Please remember!

The information presented on this blog represents "learning in progress" on my part, a horse owner, who was not satisfied with professional farriers and took matters in my own hands. As far as I am aware at the time of the post, the information presented is correct, but may change with me understanding more about hooves, in which case I will edit or remove the post. In order to follow my learning and understand everything about Molly's hoof, you need to start reading at the bottom.

Thursday, January 31, 2013


I have never studied Parelli. I don't quite know why. Somehow I find him weird. But I have always wanted to learn more about Horsenalities, pretty much because I have had a tough time understanding my gelding Gus. He has challenged me more than any other horse I have ever dealt with. Not because he wants to be bad or unpleasant, lazy or anything, rather the opposite, he wants to please and do everything right, but he can blow up in a matter of a millisecond at unpredictable moments and at unpredictable violence.

Today, the Parelli Newsletter published an interesting article and a short version of the different horsenalities and I did recognize my Gus: he is a Right-Brain Introvert. 

The Artice describes right-brain introverts the following way:

"Right-Brain Introverts can be hard to read because they appear calm on the outside, but on the inside their emotions can be running in high gear; you just can’t see it. They are highly emotional but really want to please, so they hide their feelings and do their best until all of a sudden the pressure becomes overwhelming and they blow up. This is why Right-Brain Introverts are often hard to read and therefore seem rather unpredictable.
Here’s what makes Right-Brain Introverts run away inside themselves:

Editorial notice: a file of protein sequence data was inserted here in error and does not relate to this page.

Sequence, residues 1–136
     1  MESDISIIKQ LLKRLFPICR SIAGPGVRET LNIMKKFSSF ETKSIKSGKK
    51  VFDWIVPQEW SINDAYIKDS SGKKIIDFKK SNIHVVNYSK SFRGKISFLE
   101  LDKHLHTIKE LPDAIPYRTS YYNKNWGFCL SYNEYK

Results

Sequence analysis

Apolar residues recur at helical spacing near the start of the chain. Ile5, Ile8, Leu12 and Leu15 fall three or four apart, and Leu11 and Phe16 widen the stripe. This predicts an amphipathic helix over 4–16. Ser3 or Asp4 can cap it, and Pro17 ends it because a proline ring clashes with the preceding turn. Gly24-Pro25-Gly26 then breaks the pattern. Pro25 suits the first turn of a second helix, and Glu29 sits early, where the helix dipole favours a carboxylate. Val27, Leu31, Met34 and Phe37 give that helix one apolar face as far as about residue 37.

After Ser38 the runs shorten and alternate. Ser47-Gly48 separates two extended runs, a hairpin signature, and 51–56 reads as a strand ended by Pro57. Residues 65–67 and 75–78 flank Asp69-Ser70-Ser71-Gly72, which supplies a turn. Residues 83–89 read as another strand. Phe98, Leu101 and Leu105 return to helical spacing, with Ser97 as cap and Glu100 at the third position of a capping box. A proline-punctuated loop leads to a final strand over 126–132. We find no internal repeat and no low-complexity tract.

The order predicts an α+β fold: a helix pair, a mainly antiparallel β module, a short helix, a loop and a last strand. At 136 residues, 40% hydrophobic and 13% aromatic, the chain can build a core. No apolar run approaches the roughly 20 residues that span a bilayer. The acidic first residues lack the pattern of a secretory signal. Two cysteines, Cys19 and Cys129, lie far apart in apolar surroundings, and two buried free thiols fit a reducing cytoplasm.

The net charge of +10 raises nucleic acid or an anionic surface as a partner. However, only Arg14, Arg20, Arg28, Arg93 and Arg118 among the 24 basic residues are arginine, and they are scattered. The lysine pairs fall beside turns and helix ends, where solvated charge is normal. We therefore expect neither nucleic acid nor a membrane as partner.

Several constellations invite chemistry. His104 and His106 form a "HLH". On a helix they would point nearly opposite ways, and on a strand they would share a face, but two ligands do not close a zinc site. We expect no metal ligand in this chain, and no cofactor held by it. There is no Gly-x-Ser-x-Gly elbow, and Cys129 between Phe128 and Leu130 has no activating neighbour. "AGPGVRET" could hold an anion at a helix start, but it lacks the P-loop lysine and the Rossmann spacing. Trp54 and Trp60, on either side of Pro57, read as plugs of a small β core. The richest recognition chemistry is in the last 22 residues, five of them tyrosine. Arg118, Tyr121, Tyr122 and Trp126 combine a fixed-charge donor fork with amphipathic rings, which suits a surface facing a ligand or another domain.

• Asking too quickly and rushing them
  • Carrying on even though they tense up or make a negative gesture (ears back, tail swish, etc.)
  • Asking for more and more, which comes across as demanding
  • Being rough – having quick hands, quick legs, quick demands
Right-Brain Introverts will teach you to really think about things from the horse’s perspective; you know, how Pat says it: “Walk a mile or a minute in your horse’s horseshoes.” The more opposite your Humanality is from your horse’s Horsenality, the harder that is to do. Their t-shirt would say “Don’t rush me!”
So how do you get that trust? Slow down, feel more, ask for and wait for permission. A good way to think about it is “red light, green light.” When your horse gives you a red light (ears back, tail swish, tension), don’t speed through it. Stop or back off for a moment. When you get the green light (licking lips, blinking eyes, deep sigh, lowered neck, regular breathing), you can continue until the next red light. The key is to watch for those red lights and respond accordingly. When your horse realizes you are actually listening to him and honoring his reactions or opinion, you’ll be amazed at how that will change his perception of you and earn you a lot more trust."

Intuitively, I have started treating Gus the way one is supposed to treat a RBI. At least to an approximation. I did sometimes push him through red lights and I can say pretty much every time I did this has resulted in a disaster. I had quite a few disasters with Gus. But at least those disasters helped me understanding when Gus' red lights go on and his blowing up does not catch me by surprise anymore.

So maybe I should become a Parelli student. Mainly in order to find ways to know how to get him and me safely out of those red light situations. I have developed some mechanisms such as trying to refocus him on some exercises that he knows really well, keeping a completely cool attitude. Also I found it is important for me to not look directly at him when the red light goes on, but pretend I am focused on something very different. This has helped him relaxing too.

Here is the whole Parelli Article:

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